October 10th, 2005
Anyone striving for an education must absolutely display some degree of literacy in the language of their classes. English, in this case. It is common knowledge by this point that young children pick up language skills far easier than those of a more advanced age, and those with a predilection for the visual and interactive are not at a loss for stimulation. Parents and teachers hoping to nurture the best reading, spelling, and vocabulary in their children should explore all the different literacy games available on the internet. There are obviously far, far more than the 50 that are listed, which can be revealed through a quick search. However, the following activities provide an excellent place to start when it comes to a well-rounded educational supplement.
1. Writer’s Block : Similar to Boggle, Writer’s Block promotes a healthy vocabulary by asking users to make words out of lettered tiles.
2. Wordz : Wordz is available in 6 different languages, challenging participants to nurture their spelling skills by blending crossword puzzles with letter switches.
3. See ‘N Spell : Anyone wanting to play See ‘N Spell has 7 mini-games to choose from, emphasizing everything from vowel types to digraphs.
4. HangARoo : The classic game of hangman receives a marsupial upgrade, making this a very fun way to learn about spelling.
5. WORDO : Tiles begin to stack up, and in order to win the user has to find 3-letter (or more!) words before the piles get too high.
6. Super Why’s Storybook Creator : Nurture creativity and literacy by customizing classic stories and taking them into new, exciting territories.
7. Red’s Rhyme and Roll : This game helps kids form rhymes and understand how words operate and interact.
8. Lickety Letter Bingo : Bingo receives a literary upgrade, teaching very young children how to identify the letters of the alphabet.
9. Anagram Sleuth : Solve the mystery of a kidnapped musician by using anagrams, learning new things about spelling along the way.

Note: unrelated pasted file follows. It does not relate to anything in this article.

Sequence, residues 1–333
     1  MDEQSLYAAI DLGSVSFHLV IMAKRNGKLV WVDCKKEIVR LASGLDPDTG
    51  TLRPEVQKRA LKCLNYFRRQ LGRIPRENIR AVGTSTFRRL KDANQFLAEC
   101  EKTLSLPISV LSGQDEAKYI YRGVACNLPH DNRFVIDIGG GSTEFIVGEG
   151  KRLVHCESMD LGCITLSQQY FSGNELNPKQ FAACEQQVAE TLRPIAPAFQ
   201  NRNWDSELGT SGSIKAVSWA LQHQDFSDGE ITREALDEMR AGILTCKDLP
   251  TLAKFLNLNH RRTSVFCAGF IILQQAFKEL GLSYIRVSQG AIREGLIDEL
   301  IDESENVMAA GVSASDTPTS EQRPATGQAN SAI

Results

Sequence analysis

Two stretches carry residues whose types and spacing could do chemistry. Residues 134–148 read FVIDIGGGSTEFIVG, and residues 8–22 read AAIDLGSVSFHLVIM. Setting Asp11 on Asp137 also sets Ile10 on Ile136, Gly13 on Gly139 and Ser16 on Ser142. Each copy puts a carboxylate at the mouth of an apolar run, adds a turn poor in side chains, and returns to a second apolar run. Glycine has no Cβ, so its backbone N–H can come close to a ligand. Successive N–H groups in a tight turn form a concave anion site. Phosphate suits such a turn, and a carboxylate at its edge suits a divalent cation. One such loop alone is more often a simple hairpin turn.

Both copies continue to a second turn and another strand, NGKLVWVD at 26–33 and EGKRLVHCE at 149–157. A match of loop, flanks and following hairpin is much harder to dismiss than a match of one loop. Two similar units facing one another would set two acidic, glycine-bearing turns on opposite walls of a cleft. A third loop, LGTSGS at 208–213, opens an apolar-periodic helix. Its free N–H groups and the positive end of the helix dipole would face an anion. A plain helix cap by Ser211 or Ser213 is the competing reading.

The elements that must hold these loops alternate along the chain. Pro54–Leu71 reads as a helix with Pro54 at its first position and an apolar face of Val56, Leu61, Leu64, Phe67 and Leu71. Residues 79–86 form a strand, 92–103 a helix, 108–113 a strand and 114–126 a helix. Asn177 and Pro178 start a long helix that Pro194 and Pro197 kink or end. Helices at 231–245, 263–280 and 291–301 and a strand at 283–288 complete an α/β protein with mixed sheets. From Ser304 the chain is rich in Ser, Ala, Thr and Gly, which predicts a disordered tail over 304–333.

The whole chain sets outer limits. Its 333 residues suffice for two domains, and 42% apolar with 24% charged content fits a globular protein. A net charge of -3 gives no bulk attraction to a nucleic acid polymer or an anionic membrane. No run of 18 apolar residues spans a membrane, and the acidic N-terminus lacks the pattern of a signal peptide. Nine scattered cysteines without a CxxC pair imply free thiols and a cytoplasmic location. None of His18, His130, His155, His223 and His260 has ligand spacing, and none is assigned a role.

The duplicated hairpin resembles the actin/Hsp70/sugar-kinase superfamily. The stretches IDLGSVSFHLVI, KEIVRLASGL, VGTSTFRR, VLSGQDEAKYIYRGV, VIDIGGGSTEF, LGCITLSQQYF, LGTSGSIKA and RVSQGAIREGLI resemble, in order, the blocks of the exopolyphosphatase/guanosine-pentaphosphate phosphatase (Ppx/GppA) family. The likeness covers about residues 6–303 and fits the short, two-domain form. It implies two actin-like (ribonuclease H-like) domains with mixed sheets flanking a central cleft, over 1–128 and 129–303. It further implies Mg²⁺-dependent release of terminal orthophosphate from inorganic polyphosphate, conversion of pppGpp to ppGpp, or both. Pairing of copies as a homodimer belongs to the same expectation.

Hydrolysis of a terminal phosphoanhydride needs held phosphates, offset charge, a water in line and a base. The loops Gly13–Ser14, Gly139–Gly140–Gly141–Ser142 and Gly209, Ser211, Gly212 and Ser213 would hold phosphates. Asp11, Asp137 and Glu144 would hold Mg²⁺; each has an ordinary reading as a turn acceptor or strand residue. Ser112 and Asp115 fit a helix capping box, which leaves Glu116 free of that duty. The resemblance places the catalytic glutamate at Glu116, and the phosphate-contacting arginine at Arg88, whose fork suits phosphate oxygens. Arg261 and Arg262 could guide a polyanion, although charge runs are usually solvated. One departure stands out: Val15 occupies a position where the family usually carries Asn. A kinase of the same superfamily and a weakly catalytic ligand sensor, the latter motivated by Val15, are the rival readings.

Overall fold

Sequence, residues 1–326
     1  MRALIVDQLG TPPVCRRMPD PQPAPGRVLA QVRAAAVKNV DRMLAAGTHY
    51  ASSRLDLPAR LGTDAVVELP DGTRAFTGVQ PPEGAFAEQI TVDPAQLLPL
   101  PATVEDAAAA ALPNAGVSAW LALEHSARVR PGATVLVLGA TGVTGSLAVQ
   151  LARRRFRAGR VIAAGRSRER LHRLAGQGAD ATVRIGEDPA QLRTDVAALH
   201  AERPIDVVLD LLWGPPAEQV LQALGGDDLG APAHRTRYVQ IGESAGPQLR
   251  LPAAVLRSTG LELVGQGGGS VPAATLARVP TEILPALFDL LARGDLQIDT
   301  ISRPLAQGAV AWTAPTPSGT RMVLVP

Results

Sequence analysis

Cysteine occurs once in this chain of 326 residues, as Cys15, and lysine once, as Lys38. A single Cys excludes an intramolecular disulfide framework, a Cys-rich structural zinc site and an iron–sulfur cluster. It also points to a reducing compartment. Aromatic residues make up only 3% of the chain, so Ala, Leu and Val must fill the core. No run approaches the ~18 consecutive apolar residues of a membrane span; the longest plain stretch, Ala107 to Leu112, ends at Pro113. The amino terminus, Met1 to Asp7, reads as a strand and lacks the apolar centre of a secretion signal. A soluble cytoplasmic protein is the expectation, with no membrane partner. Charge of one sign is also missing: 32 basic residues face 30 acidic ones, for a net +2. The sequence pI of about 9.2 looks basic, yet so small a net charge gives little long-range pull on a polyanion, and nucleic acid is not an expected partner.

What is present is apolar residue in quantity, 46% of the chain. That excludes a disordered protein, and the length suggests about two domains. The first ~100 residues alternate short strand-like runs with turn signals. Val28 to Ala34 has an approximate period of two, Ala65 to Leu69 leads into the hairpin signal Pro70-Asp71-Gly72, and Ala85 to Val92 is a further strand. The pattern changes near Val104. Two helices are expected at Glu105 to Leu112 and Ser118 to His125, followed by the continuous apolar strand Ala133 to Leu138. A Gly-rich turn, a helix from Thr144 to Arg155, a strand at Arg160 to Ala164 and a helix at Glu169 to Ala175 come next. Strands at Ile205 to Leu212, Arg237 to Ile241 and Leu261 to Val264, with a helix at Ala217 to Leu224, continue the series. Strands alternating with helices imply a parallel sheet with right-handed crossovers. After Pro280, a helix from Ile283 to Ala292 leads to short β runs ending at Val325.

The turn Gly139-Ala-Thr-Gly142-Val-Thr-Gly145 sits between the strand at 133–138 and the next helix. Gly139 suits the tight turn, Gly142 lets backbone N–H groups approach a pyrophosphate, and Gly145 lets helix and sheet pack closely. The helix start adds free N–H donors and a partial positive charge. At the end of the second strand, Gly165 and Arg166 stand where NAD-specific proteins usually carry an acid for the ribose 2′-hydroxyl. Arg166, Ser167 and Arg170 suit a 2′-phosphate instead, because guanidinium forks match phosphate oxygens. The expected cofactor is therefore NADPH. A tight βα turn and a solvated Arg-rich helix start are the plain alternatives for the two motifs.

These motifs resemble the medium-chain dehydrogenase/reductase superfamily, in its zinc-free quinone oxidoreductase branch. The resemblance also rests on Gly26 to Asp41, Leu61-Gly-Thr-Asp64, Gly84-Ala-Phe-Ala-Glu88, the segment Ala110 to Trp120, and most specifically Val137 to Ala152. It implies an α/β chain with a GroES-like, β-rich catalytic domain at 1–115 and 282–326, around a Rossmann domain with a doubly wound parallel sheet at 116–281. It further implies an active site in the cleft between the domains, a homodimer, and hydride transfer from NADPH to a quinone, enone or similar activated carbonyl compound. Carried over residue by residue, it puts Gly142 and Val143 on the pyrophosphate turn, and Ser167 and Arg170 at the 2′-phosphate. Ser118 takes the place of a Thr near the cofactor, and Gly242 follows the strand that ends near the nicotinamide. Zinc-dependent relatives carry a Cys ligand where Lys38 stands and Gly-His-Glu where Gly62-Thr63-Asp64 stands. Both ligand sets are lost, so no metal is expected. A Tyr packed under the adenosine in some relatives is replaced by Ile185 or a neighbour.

10. Super Speller : Build up words based on a series of clues revolving around the different parts of speech, building both vocabulary and grammar skills.
11. Gator’s Smash ‘Em! : Pick out misspelled words in order to strengthen not only spelling skills, but vocabulary and reading as well.
12. ABCs : Targeting pre-school children, this interactive alphabet nurtures valuable reading skills very early in life.
13.Learn to Read : 1 game comprised of 15 mini-games, stories, and videos to guide very young children through the reading process.
14. It’s Fun to Read! : Like Learn to Read, It’s Fun to Read! Is comprised of several games in one, allowing users to pick what aspect of the skill they would like to focus on.
15. I’m Reading! : Get a nice reading lesson using an eclectic mix of books ranging from comics to Chinese fables.
16. Thesaurus Tangle : A lesson in synonyms come packaged into this race against the clock to unscramble a word with a similar meaning to the given one.
17. Topic Tangle : Similar to Thesaurus Tangle, Topic Tangle gives users a word and wants them to unscramble a puzzle to find one that relates to the subject at hand.
18. Same Difference : Play around with synonyms and antonyms with Same Difference, which involves quite a bit of matching to achieve the game’s ultimate goals.
19. Funbrain.com Vocabulary : Suitable for very small children, Funbrain.com’s Vocabulary game helps them build their language skills by playing with pairing words and pictures together.
20. Antonym Memory Game : Both a simple matching game and a great lesson in opposites as well, this game works best for kids with a more advanced vocabulary at their disposal.
21. Synonym Memory Game : Synonym Memory Game features the same interface and similar goals of the Antonym Memory Game, only focusing on words with identical meanings.
22. Ball Hogs! : Ball Hogs! sports a multiplayer mode, asking for participants to compete to find the word matching the clues that bounce by.
23. Analogies Jeopardy : This version of the popular television game show focuses on honing proficiency in one particular literary device.
24. Character Traits : Understanding how character traits operate and define literature is one of the cornerstones of reading comprehension.
25. Words in Context : Play a gallery-style shooting game that teaches context clues and how one word can carry multiple meanings.